A couple of months ago, I bought a Genius loaf in Waitrose in Islington Upper Street and it went mouldy almost immediately.  I think it might even have been mouldy when I unwrapped it. I did post details here.

The outcome was better than I expected.  I complained to both Genius and Waitrose and got a voucher for five pounds from Genius.

And then today, I got another five-pound voucher from Waitrose.

On the bread side though, the last Genius loaf was more or less fresh to the last slice.

So it’s a result in all ways.

June 15, 2011 Posted by | Food | , | 4 Comments

Willie Carson and Katherine Jenkins

I had to laugh at the racing on BBC this afternoon.

Willie Carson was cuddling up to Katherine Jenkins, whilst they were commentating on the racing.  He just about reached up to her bust.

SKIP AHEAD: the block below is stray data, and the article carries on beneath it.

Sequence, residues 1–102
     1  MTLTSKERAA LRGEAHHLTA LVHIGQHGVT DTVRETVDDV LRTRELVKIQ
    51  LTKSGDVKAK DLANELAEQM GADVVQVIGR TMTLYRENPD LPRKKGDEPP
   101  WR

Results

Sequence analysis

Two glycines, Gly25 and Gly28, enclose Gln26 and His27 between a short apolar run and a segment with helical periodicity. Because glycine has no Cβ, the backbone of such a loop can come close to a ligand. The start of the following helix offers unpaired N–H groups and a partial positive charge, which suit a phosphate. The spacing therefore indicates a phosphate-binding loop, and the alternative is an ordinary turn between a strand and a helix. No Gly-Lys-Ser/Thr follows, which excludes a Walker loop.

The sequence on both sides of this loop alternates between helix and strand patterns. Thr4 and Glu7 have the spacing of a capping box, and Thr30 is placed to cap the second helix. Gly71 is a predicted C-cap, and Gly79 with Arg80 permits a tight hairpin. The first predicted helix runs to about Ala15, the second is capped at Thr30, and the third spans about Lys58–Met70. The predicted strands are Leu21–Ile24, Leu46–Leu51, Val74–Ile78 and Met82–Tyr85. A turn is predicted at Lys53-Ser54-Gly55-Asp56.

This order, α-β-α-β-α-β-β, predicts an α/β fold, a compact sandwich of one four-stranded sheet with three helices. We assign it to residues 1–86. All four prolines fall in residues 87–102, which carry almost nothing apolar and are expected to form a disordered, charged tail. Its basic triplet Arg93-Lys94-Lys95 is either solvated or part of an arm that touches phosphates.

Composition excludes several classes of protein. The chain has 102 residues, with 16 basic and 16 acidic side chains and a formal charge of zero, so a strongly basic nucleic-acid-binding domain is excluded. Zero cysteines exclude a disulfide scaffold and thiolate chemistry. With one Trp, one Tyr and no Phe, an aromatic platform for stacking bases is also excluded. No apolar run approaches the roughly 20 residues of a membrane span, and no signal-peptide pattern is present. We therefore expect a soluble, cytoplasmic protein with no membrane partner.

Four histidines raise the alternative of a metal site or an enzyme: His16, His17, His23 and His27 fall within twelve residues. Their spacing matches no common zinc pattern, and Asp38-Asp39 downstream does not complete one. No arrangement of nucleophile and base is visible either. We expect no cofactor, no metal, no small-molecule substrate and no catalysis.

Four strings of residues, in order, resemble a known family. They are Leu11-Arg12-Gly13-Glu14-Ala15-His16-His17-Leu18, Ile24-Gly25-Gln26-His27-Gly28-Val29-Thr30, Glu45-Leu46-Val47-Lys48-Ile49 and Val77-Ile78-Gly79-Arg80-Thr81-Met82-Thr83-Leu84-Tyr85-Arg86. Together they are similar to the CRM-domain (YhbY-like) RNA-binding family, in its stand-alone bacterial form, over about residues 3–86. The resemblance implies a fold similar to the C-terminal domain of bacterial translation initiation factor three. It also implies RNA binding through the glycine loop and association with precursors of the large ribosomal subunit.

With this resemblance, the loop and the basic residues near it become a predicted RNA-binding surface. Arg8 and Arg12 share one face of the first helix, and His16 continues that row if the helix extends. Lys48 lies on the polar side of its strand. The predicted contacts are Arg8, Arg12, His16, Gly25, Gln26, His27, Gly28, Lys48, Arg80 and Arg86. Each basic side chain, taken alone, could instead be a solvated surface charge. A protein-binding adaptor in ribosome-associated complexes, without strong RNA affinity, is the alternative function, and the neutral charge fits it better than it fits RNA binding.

I suspect the picture will make the papers.

June 15, 2011 Posted by | Sport | , | Leave a comment

Is This Really Signal Failure?

Trains through Watford Junction are not running this morning, supposedly because of a signal failure, according to this report. Here’s a snippet.

A spokesman for Network Rail said they were trying to identify the reason for the failure but ruled out cable theft.

But are Network Rail just being politically correct. When I was in York last Saturday, the taxi drivers had it that all of the cable theft was down to a particular group of people.

There is certainly a lot of failures and theft going on.  And it’s not just on the railways, as this report from Selby shows.

The other thing that was interesting from the Watford Junction failure report in the Manchester Evening News, was the headline.

Commuter misery as signalling fault causes cancellation of Manchester to London trains

Surely they weren’t refering to those that commute from Manchester to London.  It’s an awful long way.

June 15, 2011 Posted by | Transport/Travel | , , | 1 Comment